Until a few years ago, millennials were not inclined to buy homes. Why? Because they fashioned a lifestyle that left them mobile, they had a lot of college loan debt, and they have not embraced the traditional values of older generations – settling down in one place, building equity, and staying with one employer for a career duration.
That has changed somewhat for several reasons. One, they are starting families; two, they are looking at gentrified neighborhoods and finding them attractive; and three, many are finding entrepreneurship and remote working environments are allowing them to “settle” and still remain flexible in their careers. In fact, recent stats show that 36% of home sales are now made to this generation.
What about smart homes?
One thing we also know about millennials is that they are very mindful of environmental sustainability. They tend to do business with companies that are also mindful of the environment. So, it seems logical that they would look for homes that are – or at least re-configure homes they buy to be – “smart,” with the internet of things (IoT) devices that allow them to save energy and provide more convenience. Smart homes allow them to control heating and cooling, lights, and a myriad of small home appliances remotely.
The older segment of this generation (aged 27-36) seems “sold” on smart home concepts. In fact, 38% of them already have purchased homes that are “smart” or have installed the technology. And of those remaining, 58% are interested in doing this.
The younger contingent does not seem as interested in doing so. There may be several reasons for this. One, this younger segment appears to be very security conscious and is concerned about the risks involved in IoT devices in their homes. They worry about privacy.
There is also the cost factor – configuring a smart home can be pricey.
The other key factor in home buying for the younger segment of this generation is mortgage cost and payments. These young people are closer to the college loan payment issue than their older cohorts. They are not looking for smart homes as much as they are looking for the most favorable lending environments.
Another reason seems to be that they are far more interested in creating a healthy home environment than a “smart” one. They want sustainable and all natural furnishings; they want construction materials without chemicals; they want LED lighting technology; they want energy-efficient windows. They don’t seem to want to be “cool” and “trendy” as the older segment does.
Where does this leave the future of smart homes?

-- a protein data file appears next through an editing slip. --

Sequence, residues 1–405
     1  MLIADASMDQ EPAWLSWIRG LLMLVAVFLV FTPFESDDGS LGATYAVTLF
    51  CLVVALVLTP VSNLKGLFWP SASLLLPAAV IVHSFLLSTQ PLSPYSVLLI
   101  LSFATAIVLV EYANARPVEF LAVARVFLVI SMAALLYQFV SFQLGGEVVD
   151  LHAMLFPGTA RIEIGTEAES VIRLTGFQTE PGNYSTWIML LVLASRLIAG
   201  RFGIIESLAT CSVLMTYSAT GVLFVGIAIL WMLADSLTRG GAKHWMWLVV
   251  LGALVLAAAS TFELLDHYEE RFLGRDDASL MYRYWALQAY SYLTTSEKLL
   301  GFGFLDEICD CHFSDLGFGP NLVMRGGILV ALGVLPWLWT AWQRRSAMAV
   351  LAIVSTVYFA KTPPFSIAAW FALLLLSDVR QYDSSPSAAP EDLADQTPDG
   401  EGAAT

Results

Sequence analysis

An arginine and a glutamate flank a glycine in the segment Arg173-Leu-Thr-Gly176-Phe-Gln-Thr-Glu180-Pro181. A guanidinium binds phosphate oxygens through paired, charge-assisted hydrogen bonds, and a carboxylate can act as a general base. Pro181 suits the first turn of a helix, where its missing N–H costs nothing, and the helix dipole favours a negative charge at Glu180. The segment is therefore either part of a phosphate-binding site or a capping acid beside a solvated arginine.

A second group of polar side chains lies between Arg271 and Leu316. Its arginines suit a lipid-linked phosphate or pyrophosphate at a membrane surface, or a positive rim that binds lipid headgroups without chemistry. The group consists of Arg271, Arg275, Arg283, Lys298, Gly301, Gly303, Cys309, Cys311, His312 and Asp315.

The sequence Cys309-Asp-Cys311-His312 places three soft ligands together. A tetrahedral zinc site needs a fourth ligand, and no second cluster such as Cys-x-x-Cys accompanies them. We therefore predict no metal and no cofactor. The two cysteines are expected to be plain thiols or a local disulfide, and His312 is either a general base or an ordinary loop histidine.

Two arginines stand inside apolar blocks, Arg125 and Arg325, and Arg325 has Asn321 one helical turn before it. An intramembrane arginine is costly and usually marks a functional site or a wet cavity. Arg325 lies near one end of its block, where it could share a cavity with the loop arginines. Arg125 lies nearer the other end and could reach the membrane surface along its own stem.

Smart homes are not going away. And as the technology improves, along with security innovations to provide greater security and privacy, they will prove to be a valuable resource for all consumers who are looking to be environmentally conscious and to lower the costs of their utility bills. In fact, a recent survey indicated that 72% of millennials would be willing to pay $1,500 more for a home that was “smart,” and 42% of those would be willing to pay as much as $3,000 more.
Smart home technology is only improving, and there certainly are exciting innovations and challenges for the future. These will attract more and more millennials who thus far have not invested in smart home technology.
Addressing security and privacy
Manufacturers of smart devices are focusing on these issues now, and the second half of 2018 will see new innovations in this arena. As security improves, younger millennials will get on board.
Integration of devices
One of the inconveniences with expanding smart home technology is that homeowners are accessing different platforms for each connected device. Integrating these into fewer and more standardized access points will make adding IoT devices much more popular and convenient. Manufacturers will work on integrating all of their appliances into one platform. And just like USB cords, different manufacturers will come to accept common standards.
Artificial intelligence (AI) will play a role
What if AI could learn human patterns of movement to and from and around the house. It could then alert homeowners when something does not “fit” that pattern, certainly improving home security. AI could also take over video monitoring so that it need not be done remotely by the homeowner.
More voice control
This may be integrated with personal assistants like Alexa and Siri. We now give them voice commands, but if they are integrated with smart devices, consumers could simply tell them what time to turn the thermostat up or down, when to kick in the security system, etc.
Whether younger millennials are wholly captured by smart home technology remains to be seen. Certainly, some of them will. But in a few years, generation Z will come along, and by that time the technology will be too attractive to turn away.